Inside the Spartans: Michigan State survives storm to be contenders

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Chris Solari, Shawn Windsor and Lansing State Journal sports columnist Graham Couch — STILL at Spartan Stadium — recap MSU’s 27-24 upset of No. 7 Penn State.
Detroit Free Press staff

EAST LANSING – Mark Dantonio, a former education major, loves allegories and metaphors. One of the Michigan State coach’s oft-used favorites involves a storm.

Withstanding it. Being it. Finding the calm at the center of it.

So call the Spartans’ recent run of inclement weather games anything you like. Symmetry, kismet, karma, prescient or pure coincidence. Whatever. Dantonio and his players are watching the clouds of the 2016 and the darkness of a long and often arduous offseason dissipate. One rain-soaked victory at a time.

“Everybody’s playing through things, just playing through adverse situations,” Dantonio said Saturday. “We play in good weather games, too.”

After a 27-24 victory over Penn State, the skies keep brightening for No. 16 MSU. The Spartans continue to defy preseason prognostications coming off a three-win season a year ago, improving to 7-2 and — more importantly at the moment — sitting tied atop the Big Ten East Division standings.

More:

Michigan State football back in coaches poll at No. 16, Michigan up to No. 22

Michigan State football: What we learned, what to watch vs. Ohio State

And their next opponent, No. 11 Ohio State, is a team MSU knows a thing or two about upsetting under Dantonio. See the 2013 Big Ten championship game victory and the 2015 regular-season shocker in Columbus without Connor Cook. Like two of their last three meetings, this one likely will determine whether the Spartans or Buckeyes are bound for Indianapolis and a shot at a conference championship.

That last trip to Columbus two years ago looked much like Saturday’s win over Penn State, with MSU outlasting a cold, driving rain to march down the field for a game-winning field goal as time expired. That game, with Tyler O’Connor and Damion Terry sharing quarterback duties, was as much about the confidence the eventual Big Ten champs exuded as it was about their game-plan.

This year’s MSU team, after months of unknowns, slowly has discovered and developed its own identity. And it goes back to sitting in the middle of those monsoons at Michigan and Minnesota and again on Saturday. Resiliency — as Dantonio preached and predicted before the season — has become the Spartans’ hallmark in 2017.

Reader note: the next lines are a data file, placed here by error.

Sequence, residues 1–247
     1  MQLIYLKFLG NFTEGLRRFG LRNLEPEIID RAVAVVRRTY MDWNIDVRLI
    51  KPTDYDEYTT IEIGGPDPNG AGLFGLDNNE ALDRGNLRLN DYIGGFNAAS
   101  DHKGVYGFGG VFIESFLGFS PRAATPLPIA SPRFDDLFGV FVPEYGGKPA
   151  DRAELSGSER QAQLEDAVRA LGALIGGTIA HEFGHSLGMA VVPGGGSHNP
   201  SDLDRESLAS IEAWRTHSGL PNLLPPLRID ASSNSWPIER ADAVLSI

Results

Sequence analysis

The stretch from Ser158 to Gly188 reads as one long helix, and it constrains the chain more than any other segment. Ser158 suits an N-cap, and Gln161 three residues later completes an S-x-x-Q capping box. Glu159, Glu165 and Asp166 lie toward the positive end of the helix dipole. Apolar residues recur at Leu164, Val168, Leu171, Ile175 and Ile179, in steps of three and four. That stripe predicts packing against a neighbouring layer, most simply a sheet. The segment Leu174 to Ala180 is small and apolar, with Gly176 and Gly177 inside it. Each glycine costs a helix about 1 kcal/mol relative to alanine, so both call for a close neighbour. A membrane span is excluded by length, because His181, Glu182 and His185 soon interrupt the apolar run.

This is as about the players who did no wrong in the offseason sticking together through the sins of their peers and former teammates who either left or were dismissed. It is about watching first-half leads evaporate a year ago, only to flip into second-half survivalists, save for their lone Big Ten loss at Northwestern. It is about a young collective without much experience learning lessons one week at a time.

It also is about a coaching staff that admittedly did not know what to expect other than mistakes along the way with so much turnover and so many new faces in critical roles. They needed to be patient. They needed to adapt. They needed to adjust. Most of all, they needed to trust — their teachings, their system, their philosophies, their players, each other.

They’ve done it all together to become contenders in November again.

The past two weeks have revealed a coaching staff willing to be flexible and let the Spartans’ identity grow organically. They’ve let quarterback Brian Lewerke throw 113 times in the past two games. It’s paid off with 845 yards through the air and a new-look offense that previously ran the ball as a powerful and physical tone-setter. It has sent a different message — there is trust in Lewerke and his receivers to deliver when it matters most.

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